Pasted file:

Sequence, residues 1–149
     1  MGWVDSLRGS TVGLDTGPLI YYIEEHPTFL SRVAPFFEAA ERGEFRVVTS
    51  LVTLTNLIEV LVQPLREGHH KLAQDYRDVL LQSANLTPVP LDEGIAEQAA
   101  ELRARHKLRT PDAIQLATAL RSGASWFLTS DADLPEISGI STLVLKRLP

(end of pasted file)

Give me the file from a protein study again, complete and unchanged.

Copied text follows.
Sequence, residues 1–149
     1  MGWVDSLRGS TVGLDTGPLI YYIEEHPTFL SRVAPFFEAA ERGEFRVVTS
    51  LVTLTNLIEV LVQPLREGHH KLAQDYRDVL LQSANLTPVP LDEGIAEQAA
   101  ELRARHKLRT PDAIQLATAL RSGASWFLTS DADLPEISGI STLVLKRLP